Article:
Diego and Irene rejoice at his upcoming marriage with her daughter, Francisca, fresh out of a convent. Irene is proud of her, she being "raised without artifice and far from the world's pitfalls". But Irene's servant, Rita, reveals to Calamocha, servant to a man named Felix, that Francisca, despite Diego's wealth, is in tears at the thought of marrying a man of fifty. To Francisca she reveals that Carlos, her lover, has arrived. "Forever gratitude and love!" exclaims Francisca. Irene's opinion is that Francisca should be thankful for her happiness, attributed to her aunts' prayers rather than her "your feeble advantages and my poor efforts," as she says. When Carlos arrives, he intends to prevent the marriage, mentioning a rich uncle from whom he is likely to inherit. "To love and to be loved, that's my ambition, my supreme felicity," Francisca responds. When Diego enters, Carlos discovers that his rival is the same rich uncle. Diego scolds his nephew for leaving his garrison and orders him to leave at once. Unwilling to defy his uncle openly, Carlos pretends to obey. Francisca discovers her lieutenant is gone. "My Lord God," she moans, "what is my crime? What is it?" Rita must hold up her distressed mistress as she walks back to her room. At three o'clock in the morning, Diego spies Francisca out of her room, apparently reacting to the sound of a guitar. Carlos is playing and he tosses a letter up to her, but in the darkness she is unable to find it. She hears a suspicious sound in the room and escapes back to hers. Diego finds the letter and orders the innkeeper to bring back Carlos. Francisca thinks the letter contains merely excuses for his abrupt departure. Discouraged, she hears Diego asking her to open her heart and promising to help her. She thanks him and leaves. Diego shows Carlos his own letter, explaining how he first met Francisca and promising to return to the garrison. He announces to Irene that her daughter loves someone, but not him. "Is it possible you are prepared for such a sacrifice?" asks Irena in wonder, to which he answers: "That is the faith we must yield to the maidens' consent."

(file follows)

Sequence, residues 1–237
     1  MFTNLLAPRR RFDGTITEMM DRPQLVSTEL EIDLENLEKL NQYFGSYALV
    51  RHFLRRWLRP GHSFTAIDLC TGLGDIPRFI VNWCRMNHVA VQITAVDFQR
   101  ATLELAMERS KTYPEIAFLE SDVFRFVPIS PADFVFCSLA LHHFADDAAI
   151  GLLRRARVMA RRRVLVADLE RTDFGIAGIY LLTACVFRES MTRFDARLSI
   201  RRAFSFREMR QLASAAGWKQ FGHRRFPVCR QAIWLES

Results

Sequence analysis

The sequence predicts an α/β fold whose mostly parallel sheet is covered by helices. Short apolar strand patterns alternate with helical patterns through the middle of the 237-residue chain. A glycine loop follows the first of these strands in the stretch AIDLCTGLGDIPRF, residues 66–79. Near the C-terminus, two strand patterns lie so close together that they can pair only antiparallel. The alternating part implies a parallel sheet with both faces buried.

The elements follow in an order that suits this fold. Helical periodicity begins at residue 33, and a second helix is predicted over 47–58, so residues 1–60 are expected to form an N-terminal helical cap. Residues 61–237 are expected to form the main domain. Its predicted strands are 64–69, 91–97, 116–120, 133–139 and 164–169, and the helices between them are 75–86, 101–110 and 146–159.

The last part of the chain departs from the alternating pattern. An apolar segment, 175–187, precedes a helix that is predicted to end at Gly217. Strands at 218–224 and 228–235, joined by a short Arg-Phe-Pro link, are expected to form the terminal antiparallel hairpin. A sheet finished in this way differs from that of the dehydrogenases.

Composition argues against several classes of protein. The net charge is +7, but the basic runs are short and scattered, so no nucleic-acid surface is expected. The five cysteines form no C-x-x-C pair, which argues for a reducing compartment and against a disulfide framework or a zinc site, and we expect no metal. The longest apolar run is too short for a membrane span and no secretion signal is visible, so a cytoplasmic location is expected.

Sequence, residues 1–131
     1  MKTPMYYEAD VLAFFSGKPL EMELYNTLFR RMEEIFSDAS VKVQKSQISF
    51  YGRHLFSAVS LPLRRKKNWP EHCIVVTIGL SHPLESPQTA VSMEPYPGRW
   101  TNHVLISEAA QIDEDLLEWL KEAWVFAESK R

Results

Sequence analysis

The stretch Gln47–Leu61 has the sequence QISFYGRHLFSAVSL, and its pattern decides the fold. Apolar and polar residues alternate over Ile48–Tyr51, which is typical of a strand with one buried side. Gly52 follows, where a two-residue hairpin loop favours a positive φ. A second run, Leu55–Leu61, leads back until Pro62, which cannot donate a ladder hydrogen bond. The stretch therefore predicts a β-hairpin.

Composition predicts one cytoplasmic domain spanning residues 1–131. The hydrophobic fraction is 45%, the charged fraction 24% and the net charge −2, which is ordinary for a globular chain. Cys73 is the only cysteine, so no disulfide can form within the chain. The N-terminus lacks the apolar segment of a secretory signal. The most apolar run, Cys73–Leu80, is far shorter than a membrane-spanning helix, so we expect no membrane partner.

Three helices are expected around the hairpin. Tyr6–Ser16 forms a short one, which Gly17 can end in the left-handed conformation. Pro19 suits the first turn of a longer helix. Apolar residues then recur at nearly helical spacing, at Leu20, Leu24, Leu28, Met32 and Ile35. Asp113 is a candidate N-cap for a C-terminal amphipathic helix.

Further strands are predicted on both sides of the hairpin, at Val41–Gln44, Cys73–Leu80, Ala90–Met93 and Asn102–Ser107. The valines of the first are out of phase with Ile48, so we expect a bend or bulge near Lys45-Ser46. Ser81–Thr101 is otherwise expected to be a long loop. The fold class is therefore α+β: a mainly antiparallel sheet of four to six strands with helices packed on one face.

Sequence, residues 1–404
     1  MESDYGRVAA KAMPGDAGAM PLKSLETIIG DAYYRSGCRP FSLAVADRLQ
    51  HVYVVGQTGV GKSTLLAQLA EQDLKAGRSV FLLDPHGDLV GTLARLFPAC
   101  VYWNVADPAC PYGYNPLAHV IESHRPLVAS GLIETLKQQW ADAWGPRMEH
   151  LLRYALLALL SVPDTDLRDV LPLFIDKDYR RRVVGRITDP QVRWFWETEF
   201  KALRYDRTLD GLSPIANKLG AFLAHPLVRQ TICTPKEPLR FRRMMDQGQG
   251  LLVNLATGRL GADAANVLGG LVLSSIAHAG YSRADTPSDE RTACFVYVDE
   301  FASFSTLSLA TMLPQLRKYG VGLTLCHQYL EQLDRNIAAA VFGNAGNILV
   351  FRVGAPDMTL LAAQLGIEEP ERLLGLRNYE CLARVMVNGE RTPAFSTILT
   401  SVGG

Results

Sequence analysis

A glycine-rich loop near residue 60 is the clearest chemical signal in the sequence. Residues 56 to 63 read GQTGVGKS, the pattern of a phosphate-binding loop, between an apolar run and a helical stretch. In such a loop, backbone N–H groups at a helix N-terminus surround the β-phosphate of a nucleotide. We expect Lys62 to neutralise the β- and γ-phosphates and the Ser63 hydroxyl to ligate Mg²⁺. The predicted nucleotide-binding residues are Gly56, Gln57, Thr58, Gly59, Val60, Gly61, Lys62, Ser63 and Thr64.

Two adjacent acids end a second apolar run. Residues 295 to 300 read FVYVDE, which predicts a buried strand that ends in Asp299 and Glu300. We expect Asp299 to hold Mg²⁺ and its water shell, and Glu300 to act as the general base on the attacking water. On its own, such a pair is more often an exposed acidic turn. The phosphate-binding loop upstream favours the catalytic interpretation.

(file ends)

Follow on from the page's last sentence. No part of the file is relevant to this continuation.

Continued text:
Ángel de SaavedraEdit
Another important figure of the Romantic Movement is Ángel de Saavedra, duke of Rivas (1791-1865), who wrote "Álvaro, o La fuerza del sino" (Don Álvaro, or the force of fate, 1835).
"The force of fate"Edit
Time: 18th century. Place: Spain and Naples.
Text at https://muse.jhu.edu/book/20980
Rejected as a son-in-law by the marquis of Calatrava, Don Alvaro seeks to elope with Leonora, but is prevented by him. As he drops his pistol in submission, it goes off by accident and kills the marquis. Alvaro and Leonora flee but are separated after a battle ensues between his men and the marquis'. Leonora reaches the convent of the Holy Angels, where she requests the father superior's permission to live inside a hermitage in penance of her father's death. He accepts. The new marquis of Calatrava, Carlos, seeks to avenge his father's death and his sister's dishonor but is unable to find Alvaro. By chance, without knowing who he is, Alvaro saves his life in a tavern brawl. Both use assumed names while fighting in Naples against the Germans, when Carlos returns the favor by saving Alvaro's life. As Alvaro lies in surgery from a bullet wound in the chest, Carlos discovers who he is and, once recuperated, challenges him to a duel, although against the law as recently promulgated by Charles III of Spain. Alvaro hesitates before accepting this challenge, until Carlos mentions he knows his sister to be alive but intends to kill her, too. Alvaro kills him and is imprisoned for it. When the Germans attack the Spaniards, Alvaro is set free, vowing to enter a life of religion should he survive. He does so, entering the convent of the Holy Angels, where he is discovered by Carlos' younger brother, Alfonso, who also challenges him to a duel. Alvaro succeeds in stabbing him. Fearing his end near, Alfonso asks for spiritual comfort. To accede to his desire, Alvaro knocks at the hermitage door for the saintly hermit reported to be living there. Recognizing Leonora, Alfonso stabs her to death and dies by turning the weapon on himself. In despair at losing her, Alvaro plunges to his death down a deep ravine.